The following year, in February 1916, a reporter from American Art News reviewed Funk’s show at New York’s Reinhardt Galleries. He questioned the artist’s “tact and taste,” for displaying his Berlin portraits during war, but wrote that he was at the “zenith of his powers,” and admired his “strong fine brushwork and rich truthful color.” The reviewer particularly praised a portrait of three girls as “a modern Gainsborough in composition and handling.” That painting is lost, but a print of La Petite Angeline is one of the few extant examples that shows Funk’s facility in painting children.
The World War ended on November 11, 1918. On June 19, 1919, “Wm. H. Funk ” applied for a passport to England, France, Holland, and Germany, if possible, to (1) retrieve his confiscated paintings, valued at $35,000 in order to return them to their owners and (2) “to get his mother which he left over there on account of difficulty of getting passage in 1914 after war began…As she was over eighty years of age, I decided to leave her there. I have had no communication from her since that time and do not know whether or not she is alive.” His application was rejected by the State Department with a statement that passports were not being issued to Germany. Funk’s friends wrote in his support, referring to him as “William.” A staff member of the Department of State suggested Funk should defer his trip “until conditions were more normal.” Funk persisted. A State Department official wrote to North Carolina for verification of his naturalization. The confirming papers, and payment of a dollar, secured his passport.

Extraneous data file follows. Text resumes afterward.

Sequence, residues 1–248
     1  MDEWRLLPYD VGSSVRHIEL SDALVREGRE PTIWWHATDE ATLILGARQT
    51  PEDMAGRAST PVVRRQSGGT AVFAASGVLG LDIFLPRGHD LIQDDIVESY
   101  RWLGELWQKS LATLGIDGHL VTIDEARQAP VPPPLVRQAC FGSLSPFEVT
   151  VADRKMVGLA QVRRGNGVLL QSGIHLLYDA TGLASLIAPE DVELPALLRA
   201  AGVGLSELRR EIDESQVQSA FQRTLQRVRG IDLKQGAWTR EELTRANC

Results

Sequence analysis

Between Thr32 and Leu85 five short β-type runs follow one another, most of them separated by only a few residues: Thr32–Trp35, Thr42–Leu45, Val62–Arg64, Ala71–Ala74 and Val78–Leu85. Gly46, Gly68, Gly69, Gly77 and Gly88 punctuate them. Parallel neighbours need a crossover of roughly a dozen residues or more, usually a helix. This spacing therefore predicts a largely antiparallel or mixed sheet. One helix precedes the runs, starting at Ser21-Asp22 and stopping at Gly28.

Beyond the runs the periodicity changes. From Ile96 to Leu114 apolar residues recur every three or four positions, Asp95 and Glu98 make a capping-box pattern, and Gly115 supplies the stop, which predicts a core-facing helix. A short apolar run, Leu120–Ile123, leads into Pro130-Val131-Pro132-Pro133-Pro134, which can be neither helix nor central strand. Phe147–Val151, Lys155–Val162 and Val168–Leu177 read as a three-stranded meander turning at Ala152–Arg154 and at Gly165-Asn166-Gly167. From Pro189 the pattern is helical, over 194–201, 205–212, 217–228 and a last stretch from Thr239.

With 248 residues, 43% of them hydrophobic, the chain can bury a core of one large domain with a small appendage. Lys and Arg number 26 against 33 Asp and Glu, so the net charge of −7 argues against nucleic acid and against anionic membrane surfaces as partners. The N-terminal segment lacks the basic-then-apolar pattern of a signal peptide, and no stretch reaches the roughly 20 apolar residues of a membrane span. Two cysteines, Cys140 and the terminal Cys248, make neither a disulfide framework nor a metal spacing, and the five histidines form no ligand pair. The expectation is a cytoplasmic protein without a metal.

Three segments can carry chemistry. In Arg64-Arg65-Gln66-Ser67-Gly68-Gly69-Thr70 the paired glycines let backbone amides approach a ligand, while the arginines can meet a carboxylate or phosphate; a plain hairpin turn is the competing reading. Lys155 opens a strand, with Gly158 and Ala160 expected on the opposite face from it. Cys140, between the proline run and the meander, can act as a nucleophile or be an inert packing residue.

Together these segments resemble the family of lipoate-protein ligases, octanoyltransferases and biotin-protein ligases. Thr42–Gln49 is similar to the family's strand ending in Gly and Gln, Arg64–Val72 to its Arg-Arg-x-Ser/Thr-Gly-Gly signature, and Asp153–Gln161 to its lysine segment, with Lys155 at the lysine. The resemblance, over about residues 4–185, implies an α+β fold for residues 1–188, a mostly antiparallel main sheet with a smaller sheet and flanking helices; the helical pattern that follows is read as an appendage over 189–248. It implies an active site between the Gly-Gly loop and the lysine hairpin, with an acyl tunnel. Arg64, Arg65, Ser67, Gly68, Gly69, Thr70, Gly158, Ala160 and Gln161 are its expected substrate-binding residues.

A little over six months later, American Art News reported: